New RN, just had 1st job interviews with HR and Unit Manager, need your advice

  1. Hello everyone, I badly need your advice.

    Here is the scenario:

    I applied online for M/S day shift - was told in email it was offered to another candidate. I browsed on their website other possible fit for a new RN like me without prior work experience and ended up applying for M/S/Tele night shift, Rehab, and Float pool. Got an interview with HR, where I said (for the q: how do you see yourself in 5 years?) that I would like to either be a CNM or FNP, and that I only liked to start in M/S (when asked which position I was pulled more into) because I believed it would prepare me better for any other specialty I might consider later on. Okay, fast forward, I got into second interview, with the nursing unit manager, and it went well. I was told they would call me for the next meeting, which I am anticipating to be a job offer, although I would not want to hope/expect too much (because I have read of a post about having very good interview then no more follow up). That 2nd interview was last Wednesday, and I was warned by some friends that HR usually plays it cool for a week, but I did not want to sit here being too comfortable expecting a job offer soon when there might be none, so I browsed again for other job ads and applied online last Friday at a nearby hospital.

    This second hospital had ads for OB-Gyn night shift (my first priority, given the chance to start there without experience) and Med/Surg day shift. I got a call this afternoon to set up an interview.

    Today also, I saw an ad for OB-Gyn day shift in the first hospital I applied to for M/S night. Now I want to submit application also for that position (I really liked the people there and the interviewers), BUT my first two interviews were over, and I am wondering whether I should call the HR to ask her if it was fine for me to apply for that position despite what I told her in the interview that I wanted exposure in M/S to develop competence. Should I ask her opinion on whether I, a new RN, should start in M/S before considering specialty areas or could I start right away in OB-Gyn (she knew I was planning towards that direction when I expressed interest in becoming a CNM). Should I wait until I get that call for the 3rd interview before I ask about the OB-Gyn position? (HR and unit manager both offered their numbers in case I have more questions to ask.)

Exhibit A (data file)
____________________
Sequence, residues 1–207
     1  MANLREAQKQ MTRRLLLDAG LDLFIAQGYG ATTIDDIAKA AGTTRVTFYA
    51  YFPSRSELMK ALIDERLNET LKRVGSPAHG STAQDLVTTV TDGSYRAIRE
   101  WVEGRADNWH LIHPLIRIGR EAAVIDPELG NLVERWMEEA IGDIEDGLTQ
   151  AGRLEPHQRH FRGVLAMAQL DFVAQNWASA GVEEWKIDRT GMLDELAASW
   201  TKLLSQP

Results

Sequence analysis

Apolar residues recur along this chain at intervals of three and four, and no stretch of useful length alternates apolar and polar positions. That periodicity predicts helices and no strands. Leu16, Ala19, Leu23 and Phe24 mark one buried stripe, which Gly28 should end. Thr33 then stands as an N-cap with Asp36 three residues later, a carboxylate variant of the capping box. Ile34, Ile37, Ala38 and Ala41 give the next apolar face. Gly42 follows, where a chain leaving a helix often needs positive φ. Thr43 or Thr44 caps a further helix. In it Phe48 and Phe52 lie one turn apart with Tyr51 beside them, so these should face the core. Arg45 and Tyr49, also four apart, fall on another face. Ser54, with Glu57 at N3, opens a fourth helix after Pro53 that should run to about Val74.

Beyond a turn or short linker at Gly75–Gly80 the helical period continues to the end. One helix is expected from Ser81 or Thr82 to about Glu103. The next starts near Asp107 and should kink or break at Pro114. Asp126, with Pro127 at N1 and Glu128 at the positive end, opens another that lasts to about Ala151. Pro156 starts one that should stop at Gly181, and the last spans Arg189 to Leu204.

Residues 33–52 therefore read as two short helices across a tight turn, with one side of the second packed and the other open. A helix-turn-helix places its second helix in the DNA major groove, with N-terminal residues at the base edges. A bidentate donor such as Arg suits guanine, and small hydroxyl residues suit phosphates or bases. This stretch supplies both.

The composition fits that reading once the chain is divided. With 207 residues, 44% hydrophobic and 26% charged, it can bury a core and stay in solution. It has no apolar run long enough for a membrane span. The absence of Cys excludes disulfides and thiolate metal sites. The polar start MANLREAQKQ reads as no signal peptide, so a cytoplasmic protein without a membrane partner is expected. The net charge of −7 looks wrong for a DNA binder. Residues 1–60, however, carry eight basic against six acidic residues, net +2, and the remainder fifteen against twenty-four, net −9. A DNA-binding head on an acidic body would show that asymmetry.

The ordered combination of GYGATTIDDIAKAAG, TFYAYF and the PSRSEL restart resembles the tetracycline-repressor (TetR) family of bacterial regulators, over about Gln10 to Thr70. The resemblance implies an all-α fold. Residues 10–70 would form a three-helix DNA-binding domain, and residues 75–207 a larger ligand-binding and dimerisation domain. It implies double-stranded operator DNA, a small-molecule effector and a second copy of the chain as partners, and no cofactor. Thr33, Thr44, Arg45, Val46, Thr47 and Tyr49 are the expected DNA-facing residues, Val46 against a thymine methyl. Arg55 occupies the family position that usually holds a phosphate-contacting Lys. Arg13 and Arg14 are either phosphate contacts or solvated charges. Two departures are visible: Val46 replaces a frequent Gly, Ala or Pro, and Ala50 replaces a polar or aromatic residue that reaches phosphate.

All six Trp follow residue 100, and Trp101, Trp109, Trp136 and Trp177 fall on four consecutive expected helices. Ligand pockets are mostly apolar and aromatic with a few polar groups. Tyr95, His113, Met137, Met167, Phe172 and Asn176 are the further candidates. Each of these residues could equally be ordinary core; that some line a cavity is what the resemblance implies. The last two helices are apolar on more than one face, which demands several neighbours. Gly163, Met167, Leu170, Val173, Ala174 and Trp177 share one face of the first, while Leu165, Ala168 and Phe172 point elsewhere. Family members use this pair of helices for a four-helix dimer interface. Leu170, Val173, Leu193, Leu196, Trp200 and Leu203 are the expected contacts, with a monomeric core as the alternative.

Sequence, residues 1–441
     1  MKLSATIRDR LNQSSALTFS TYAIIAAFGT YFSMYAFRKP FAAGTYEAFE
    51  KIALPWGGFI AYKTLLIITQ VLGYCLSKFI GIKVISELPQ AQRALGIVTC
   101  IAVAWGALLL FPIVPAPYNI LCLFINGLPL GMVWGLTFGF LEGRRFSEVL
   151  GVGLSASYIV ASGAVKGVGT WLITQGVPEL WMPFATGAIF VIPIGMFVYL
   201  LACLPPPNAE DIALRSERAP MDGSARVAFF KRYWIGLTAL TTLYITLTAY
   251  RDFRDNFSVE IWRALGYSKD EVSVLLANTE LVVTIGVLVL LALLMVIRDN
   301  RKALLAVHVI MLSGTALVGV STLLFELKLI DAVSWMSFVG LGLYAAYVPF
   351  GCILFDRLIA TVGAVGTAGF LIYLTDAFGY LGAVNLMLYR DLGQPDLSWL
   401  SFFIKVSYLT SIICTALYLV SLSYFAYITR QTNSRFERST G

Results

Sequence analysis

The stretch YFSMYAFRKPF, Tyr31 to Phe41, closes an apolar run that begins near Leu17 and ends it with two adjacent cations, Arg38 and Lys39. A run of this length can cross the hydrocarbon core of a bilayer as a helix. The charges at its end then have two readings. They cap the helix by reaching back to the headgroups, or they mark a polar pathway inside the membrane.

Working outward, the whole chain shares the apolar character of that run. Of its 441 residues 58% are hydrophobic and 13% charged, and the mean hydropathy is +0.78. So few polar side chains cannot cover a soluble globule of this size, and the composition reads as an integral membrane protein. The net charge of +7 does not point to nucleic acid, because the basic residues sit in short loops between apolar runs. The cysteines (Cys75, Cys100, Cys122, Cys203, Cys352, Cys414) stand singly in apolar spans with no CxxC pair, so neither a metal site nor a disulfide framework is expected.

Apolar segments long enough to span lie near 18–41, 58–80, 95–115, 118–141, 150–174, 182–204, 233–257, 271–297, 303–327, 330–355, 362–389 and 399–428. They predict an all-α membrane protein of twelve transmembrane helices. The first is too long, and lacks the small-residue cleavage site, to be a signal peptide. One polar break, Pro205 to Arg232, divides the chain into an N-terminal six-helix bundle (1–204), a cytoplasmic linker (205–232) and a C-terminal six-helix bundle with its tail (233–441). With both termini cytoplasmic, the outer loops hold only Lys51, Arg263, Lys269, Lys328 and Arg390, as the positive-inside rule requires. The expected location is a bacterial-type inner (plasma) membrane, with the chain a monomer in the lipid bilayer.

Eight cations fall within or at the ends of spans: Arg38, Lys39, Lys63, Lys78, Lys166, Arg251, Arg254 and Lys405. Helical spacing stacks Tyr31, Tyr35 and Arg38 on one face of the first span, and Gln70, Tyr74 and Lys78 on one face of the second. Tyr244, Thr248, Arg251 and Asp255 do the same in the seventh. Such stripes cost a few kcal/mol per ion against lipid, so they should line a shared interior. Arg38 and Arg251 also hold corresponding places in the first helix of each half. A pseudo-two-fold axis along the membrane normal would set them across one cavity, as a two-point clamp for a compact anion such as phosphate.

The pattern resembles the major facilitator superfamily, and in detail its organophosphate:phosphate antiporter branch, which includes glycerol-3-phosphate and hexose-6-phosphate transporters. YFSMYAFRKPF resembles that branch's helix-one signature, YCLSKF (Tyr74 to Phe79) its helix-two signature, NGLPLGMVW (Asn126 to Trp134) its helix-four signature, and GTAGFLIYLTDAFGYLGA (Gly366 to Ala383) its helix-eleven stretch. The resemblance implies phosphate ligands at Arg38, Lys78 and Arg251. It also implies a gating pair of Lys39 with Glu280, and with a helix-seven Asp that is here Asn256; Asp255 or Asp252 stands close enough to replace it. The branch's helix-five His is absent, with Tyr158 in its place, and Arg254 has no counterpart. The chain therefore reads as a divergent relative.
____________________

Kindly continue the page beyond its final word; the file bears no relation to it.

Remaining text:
What do you suggest I do? I do not want to be seen as fickle-minded, but since many have started in specialty areas and had no problems gaining competence in their desired field, I am now also considering NOT spending my first year as a nurse in M/S (which I know I do not like). I like that first hospital not only because the working environment seemed very good, but it has a very good reputation (JCAHO certified and one of last years Best Places to Work in my state). I have yet to set an appointment with the second hospital so I do not have an idea yet of how the people there are.

    Your input will be highly appreciated.
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    About manangmdrn

    Joined: Oct '05; Posts: 31


  3. by   HealthyRN
    I would go ahead and call the first hospital to ask when you might hear about the job offer. In my experience, most hospitals do not wait that long if they are going to make an offer. I went on several interviews with different hospitals when I first graduated and most of them made an offer immediately after the interview or within a few days at the most. If you do not get offers for either position, I think it would be fine to apply for the OB job. As a new grad, it is hard to know exactly what speciality in which you want to start and they should be understanding of that.

    One piece of advice that I would offer would be concerning the "where do you see yourself in 5 years" question. Personally, I think it is wonderful that you want to pursue FNP or CNM. However, many employers, no matter what they say about valuing education, do not want to hear this. The nursing "shortage" is at the bedside, not in advanced practice. It's just my opinion, but I would not give the employer a specific timeline. It's okay to let them know that you believe education is important and you have goals. I would say something like, "In 5 years, I hope to be a competent and skilled RN and a role model and mentor to other nurses. I hope to contribute to the leadership of the unit, perhaps by serving regularly as a charge nurse, leading various committees for the unit, or serving as a preceptor. At some point, I would like to continue my education in nursing."

    Good luck with your job search.
  4. by   manangmdrn
    Wow, thanks a lot for that great tip, KatRN,BSN! I have always thought that the HR wanted every applicant to have a clear direction for career advancement, but I have known all along that I want to be a part of a company's growth (as long as that company does not restrict employees from voicing their ideas and suggestions for the overall improvement of the facility and the working conditions). I will be sure to use your suggestion on answering the "5-yr" question in my next interview at the second hospital.

    You might be in a community where there is a great shortage of nurses that you got job offers immediately. Here in my area, the greatest shortage is, as you said, bedside nursing (mainly Med/Surg, ER, and CCU), but I tend to believe there is a significant competition as well, so maybe the best approach really is to make the employer see that I will, under good circumstances and working conditions, stay within the company and actively participate in its expansion and growth.